Food On The Hill: Carrot Cake

Carrot Cake with edible butterflies. Photo by Felicia Orth


Food On The Hill
Los Alamos

Carrot Cake

Having served fresh carrot cake at PEEC and the Mountaineers Club meeting recently, that’s the recipe I’ve been asked for in the last month. Like the fresh apple cake I serve a lot, it is laden with more fruit and vegetable matter than is typical of a cake. Unlike the apple cake, the carrot cake is frosted lightly with cream cheese frosting.

A double recipe fills a half-sheet pan nicely, and provides a large flat surface on which to add a message, decorations, candles or other items. To assure that the top of the cake is flat all the way across, I dampen a fabric strap and pin it around the edge of the pan before baking. This cools the edges of the pan to encourage even baking and prevents a mound in the middle of the cake. (The strap is available wherever cake baking supplies are sold; before I bought it I just used a wetted strip of a towel.)

This dense, moist cake is popular with crowds of all ages, and can be made a day ahead without issue. Over the years I’ve reduced the sugar and increased the spices in the cake. When frosting is not desired, a simple sprinkle of powdered sugar using a sieve makes a nice presentation. The batter makes good cupcakes as well.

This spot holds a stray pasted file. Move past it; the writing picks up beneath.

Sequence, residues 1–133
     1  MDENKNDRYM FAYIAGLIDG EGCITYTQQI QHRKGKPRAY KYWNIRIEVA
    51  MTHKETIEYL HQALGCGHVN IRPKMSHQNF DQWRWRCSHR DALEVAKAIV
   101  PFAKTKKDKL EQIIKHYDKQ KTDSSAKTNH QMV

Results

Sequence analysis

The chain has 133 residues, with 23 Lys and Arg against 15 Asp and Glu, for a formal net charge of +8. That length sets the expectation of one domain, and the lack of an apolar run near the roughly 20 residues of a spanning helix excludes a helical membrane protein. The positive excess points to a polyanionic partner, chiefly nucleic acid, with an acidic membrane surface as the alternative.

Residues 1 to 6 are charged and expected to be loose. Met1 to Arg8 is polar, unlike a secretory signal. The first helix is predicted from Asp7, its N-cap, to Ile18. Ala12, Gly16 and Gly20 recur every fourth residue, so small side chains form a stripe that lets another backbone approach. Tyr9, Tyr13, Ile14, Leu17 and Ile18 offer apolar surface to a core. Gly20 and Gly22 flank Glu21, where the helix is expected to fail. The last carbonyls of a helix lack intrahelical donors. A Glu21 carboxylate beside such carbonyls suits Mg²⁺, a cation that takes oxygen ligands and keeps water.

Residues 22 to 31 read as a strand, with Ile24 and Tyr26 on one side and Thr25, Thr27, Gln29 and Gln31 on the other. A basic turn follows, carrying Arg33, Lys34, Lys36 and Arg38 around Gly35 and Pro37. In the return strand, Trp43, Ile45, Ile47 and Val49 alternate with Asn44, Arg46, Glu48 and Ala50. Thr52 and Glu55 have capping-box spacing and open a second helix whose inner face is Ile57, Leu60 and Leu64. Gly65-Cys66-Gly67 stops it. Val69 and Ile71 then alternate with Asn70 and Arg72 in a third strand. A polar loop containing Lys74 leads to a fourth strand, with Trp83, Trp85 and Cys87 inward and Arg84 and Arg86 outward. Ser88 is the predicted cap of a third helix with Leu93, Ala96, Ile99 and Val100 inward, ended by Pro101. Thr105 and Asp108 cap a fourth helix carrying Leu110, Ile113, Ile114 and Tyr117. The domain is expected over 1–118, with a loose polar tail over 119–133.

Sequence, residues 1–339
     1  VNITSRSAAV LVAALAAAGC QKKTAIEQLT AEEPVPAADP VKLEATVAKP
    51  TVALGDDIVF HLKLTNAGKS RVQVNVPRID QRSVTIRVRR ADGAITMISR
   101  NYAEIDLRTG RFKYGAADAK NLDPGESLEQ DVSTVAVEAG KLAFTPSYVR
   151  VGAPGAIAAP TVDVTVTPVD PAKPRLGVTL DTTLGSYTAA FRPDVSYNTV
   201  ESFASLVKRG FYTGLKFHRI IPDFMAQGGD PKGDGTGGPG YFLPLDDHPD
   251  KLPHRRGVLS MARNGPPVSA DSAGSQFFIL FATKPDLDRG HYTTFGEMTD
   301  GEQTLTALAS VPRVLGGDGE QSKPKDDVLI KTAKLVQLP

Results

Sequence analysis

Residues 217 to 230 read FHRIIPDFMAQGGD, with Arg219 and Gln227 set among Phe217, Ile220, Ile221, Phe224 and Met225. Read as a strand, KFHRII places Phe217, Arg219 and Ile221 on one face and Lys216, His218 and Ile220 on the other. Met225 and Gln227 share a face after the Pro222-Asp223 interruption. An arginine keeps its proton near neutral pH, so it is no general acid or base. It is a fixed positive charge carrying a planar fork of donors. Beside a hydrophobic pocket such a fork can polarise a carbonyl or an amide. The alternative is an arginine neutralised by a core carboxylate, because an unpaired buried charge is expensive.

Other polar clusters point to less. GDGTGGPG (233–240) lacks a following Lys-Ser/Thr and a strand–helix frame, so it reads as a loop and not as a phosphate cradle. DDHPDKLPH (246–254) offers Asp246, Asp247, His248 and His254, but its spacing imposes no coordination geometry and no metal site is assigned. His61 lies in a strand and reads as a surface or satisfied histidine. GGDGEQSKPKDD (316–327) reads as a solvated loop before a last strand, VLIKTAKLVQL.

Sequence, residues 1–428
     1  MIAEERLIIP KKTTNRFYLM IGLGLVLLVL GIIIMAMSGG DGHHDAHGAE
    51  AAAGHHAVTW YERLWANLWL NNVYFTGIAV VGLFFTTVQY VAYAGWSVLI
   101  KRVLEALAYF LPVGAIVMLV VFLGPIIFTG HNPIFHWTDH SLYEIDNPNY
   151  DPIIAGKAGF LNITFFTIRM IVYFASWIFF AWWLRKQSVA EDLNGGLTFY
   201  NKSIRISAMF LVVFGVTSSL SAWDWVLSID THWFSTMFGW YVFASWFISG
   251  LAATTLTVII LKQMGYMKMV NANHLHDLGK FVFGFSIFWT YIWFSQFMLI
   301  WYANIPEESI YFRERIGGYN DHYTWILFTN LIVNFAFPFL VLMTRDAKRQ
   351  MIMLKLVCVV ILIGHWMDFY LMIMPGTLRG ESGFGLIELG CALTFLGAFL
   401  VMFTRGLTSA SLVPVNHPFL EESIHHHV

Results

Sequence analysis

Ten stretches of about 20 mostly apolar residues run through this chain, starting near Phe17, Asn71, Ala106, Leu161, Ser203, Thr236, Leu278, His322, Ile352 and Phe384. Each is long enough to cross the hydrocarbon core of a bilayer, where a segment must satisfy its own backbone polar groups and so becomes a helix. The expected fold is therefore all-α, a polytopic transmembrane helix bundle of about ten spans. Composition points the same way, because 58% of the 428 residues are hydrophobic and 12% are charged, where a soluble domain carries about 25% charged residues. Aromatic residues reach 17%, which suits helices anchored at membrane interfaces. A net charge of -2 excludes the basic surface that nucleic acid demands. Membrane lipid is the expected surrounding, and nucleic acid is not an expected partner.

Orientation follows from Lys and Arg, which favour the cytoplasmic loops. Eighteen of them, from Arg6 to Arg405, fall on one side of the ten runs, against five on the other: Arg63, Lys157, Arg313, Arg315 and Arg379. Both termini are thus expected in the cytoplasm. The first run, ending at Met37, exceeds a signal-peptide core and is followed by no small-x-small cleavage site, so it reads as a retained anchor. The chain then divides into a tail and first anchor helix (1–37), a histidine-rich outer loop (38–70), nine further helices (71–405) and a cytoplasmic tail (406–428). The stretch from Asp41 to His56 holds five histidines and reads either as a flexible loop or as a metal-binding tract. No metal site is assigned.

Carrot Cake in half-sheet pan. Photo by Felicia Orth   

Fabric strap pinned around edge of pan. Photo by Felicia Orth

Ingredients for Cake

4 eggs

1 cup sugar

1 1⁄2 cups oil

2 cups flour

2 teaspoons baking powder

1 teaspoon baking soda

1⁄2 teaspoon salt

1 teaspoon cinnamon

1 teaspoon nutmeg

1 teaspoon allspice (or 1 teaspoon ginger with a dash of cloves)

1 cup chopped walnuts or pecans

2 cups grated fresh carrots

8 ounces crushed pineapple, drained if from a can

Ingredients for Frosting

8 ounces cream cheese

4 cups powdered sugar

1/2 cup melted butter

1 teaspoon vanilla


  • Beat the eggs and sugar; stir in oil. Add all dry ingredients, including the nuts, and stir. Add the carrots and pineapple. Stir well.
  • Butter or grease and flour 2 9″ pans, or a long rectangular pan.
  • Bake at 350 degrees for 45-55 minutes, or until the middle of the cake bounces back after a fingertip is pressed there or a toothpick comes out clean.
  • Cool 10 minutes and turn onto a rack or platter to cool completely before frosting.
  • Beat frosting ingredients together and frost as desired.
  • Serves 10-12.

Editor’s note: Felicia Orth is a local home cook; she can be reached at

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